In some parts of Libya, communications have been cut off for days or even weeks. So for many Libyan-Americans here in Chicago, news reports are all they have.
On Saturday night in Orland Park, some families with relatives in Libya gathered for support.
The Adiubs of Chicago hold Moammar Gadhafi responsible for the danger facing their loved-ones.
"You're going to work, you're going to school, and literally, as you're doing everyday things, you remember in the back of your mind your family is getting bombed," said Abdulrahman Adiub, who has relatives in Libya.
Mohammad Baiu has not been able to reach his parents in the eastern part of Libya and just heard reports that Gadhafi's forces had bombed their neighborhood.
"It's torture. I mean, there's nothing you can do. You try and do something, but there's nothing you can do," Baiu said.
Baiu has already lost family friends at the hands of Gadhafi's forces.
Abbas Ibrahim, who spent six years as a political prisoner in Libya, also learned of a friend's death.
"I cried because he's my close friend. He's a very, very educated man," Ibrahim said.
Gadhafi has threatened retaliation in the form of terrorism and he has tens of billions of dollars to bankroll such operations.
"That is why I think the president made a right call. Gadhafi has turned into political cancer. He hates France, he hates Britain, and he hates the United States. If he had been allowed to win, he would have supported terrorism," said U.S. Sen. Mark Kirk, R-Ill.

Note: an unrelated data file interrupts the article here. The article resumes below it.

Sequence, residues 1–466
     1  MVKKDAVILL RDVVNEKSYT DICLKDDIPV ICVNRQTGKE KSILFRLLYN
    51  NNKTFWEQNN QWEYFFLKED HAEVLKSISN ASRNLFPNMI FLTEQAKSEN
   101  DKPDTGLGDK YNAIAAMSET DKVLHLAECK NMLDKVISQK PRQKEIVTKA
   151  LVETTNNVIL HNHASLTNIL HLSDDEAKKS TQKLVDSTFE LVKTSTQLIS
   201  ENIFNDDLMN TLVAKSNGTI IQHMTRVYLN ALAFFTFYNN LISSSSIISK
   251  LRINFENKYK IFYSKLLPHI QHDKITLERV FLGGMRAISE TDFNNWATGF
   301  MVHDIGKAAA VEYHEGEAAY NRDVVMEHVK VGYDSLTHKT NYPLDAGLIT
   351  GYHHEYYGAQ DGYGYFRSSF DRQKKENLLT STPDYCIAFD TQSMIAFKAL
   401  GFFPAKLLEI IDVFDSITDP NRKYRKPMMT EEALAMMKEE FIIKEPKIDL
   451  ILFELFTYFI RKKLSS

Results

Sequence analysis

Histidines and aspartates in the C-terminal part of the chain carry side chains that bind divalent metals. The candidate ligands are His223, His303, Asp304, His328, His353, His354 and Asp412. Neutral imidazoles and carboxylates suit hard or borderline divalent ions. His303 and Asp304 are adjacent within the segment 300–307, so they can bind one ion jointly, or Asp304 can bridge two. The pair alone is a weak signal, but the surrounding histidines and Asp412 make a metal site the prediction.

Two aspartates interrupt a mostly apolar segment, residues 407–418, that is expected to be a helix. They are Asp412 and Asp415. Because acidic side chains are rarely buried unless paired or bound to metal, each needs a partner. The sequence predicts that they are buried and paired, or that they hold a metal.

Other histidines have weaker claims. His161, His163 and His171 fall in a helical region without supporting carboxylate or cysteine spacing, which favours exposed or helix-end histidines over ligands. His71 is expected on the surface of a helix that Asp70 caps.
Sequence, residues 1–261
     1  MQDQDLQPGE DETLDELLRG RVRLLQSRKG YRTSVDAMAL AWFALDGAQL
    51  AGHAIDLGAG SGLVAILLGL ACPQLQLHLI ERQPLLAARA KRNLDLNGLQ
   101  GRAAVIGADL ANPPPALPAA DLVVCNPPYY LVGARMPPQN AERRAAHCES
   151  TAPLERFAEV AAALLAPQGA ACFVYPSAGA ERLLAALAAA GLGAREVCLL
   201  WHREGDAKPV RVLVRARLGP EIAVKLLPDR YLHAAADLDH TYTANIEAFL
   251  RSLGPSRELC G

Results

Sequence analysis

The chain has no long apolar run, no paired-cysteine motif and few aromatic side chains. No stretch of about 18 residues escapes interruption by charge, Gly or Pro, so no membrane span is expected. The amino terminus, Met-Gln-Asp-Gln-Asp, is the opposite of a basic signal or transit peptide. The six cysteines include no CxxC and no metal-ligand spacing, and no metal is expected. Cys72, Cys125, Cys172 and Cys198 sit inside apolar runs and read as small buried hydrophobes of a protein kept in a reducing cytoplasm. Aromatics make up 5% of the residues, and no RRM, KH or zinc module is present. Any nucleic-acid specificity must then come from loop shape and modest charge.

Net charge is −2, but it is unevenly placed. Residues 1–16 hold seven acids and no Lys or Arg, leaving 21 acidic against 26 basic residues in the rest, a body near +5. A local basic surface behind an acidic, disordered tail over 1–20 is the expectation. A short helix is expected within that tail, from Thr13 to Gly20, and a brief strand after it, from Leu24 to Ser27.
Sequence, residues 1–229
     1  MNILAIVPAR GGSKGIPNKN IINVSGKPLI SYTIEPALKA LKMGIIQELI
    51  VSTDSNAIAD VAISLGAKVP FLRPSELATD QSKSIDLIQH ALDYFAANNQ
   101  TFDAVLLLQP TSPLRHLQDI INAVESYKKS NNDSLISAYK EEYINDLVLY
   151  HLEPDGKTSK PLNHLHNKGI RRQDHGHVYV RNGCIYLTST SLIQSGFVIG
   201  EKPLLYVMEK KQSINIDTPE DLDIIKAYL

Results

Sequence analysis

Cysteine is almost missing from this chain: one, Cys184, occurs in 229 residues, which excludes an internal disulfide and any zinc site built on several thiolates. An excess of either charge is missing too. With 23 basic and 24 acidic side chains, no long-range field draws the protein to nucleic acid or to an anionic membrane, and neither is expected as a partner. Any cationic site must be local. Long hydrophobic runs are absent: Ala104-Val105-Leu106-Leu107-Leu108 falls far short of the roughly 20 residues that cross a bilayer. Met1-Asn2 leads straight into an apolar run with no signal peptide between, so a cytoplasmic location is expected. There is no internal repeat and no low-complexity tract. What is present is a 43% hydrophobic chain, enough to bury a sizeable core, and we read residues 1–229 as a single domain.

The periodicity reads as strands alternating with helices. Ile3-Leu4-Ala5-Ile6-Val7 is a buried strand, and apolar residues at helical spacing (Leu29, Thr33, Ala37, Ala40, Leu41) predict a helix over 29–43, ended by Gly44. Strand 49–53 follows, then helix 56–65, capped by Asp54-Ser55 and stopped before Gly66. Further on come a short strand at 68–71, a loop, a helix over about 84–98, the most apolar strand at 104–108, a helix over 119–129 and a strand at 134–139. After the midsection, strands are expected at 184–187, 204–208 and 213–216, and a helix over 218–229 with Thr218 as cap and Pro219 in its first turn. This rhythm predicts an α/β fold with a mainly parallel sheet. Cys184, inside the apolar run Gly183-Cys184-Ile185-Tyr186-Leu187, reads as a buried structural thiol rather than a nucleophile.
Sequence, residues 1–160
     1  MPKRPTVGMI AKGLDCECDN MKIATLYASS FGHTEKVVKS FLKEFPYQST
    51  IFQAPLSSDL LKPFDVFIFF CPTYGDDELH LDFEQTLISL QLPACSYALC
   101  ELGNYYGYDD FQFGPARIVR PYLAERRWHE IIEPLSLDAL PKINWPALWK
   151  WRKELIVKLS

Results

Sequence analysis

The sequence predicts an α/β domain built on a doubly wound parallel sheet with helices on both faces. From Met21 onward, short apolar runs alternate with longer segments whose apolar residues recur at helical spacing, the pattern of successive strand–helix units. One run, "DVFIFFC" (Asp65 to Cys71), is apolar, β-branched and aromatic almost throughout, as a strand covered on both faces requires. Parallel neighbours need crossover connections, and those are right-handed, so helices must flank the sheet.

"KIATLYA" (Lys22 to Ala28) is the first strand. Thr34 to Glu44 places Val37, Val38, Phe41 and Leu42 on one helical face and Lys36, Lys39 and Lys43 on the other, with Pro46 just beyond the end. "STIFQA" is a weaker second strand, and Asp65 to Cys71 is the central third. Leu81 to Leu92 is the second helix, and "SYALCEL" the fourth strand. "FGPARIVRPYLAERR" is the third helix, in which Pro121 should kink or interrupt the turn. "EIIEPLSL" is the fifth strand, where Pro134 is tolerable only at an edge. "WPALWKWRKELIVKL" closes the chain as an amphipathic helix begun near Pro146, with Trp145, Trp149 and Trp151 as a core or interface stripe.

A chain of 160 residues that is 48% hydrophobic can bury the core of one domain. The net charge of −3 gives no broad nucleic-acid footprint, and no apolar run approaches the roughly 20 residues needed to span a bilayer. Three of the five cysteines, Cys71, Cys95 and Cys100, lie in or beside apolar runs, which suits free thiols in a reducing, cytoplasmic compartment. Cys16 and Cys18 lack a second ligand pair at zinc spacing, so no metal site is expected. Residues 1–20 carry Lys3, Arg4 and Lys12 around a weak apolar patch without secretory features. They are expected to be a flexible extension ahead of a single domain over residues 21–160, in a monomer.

"Nobody likes the idea of war. Nobody likes the idea of intervention into the affairs of another country. But then, of course, there are times when you cannot stand by," U.S. Rep. Danny Davis, D-Chicago.
For the U.S. and its allies, success could depend on securing a single city.
National security expert Robert Pape of the University of Chicago says for weeks, he's urged the White House to focus on Benghazi, a rebel-held city that Gadhafi is hoping to re-capture.
"Benghazi is the future of the Libyan revolution. If we lose Benghazi, then it's not just a matter of months before Gadhafi loses power, it will probably take years," Pape said.
Some of the people ABC7 spoke with Saturday night with relatives in Libya say they have been able to get limited word on loved-ones through Twitter and other social networking sites. Still, it's been very spotty.
Some say it's been two weeks since they've heard from relatives.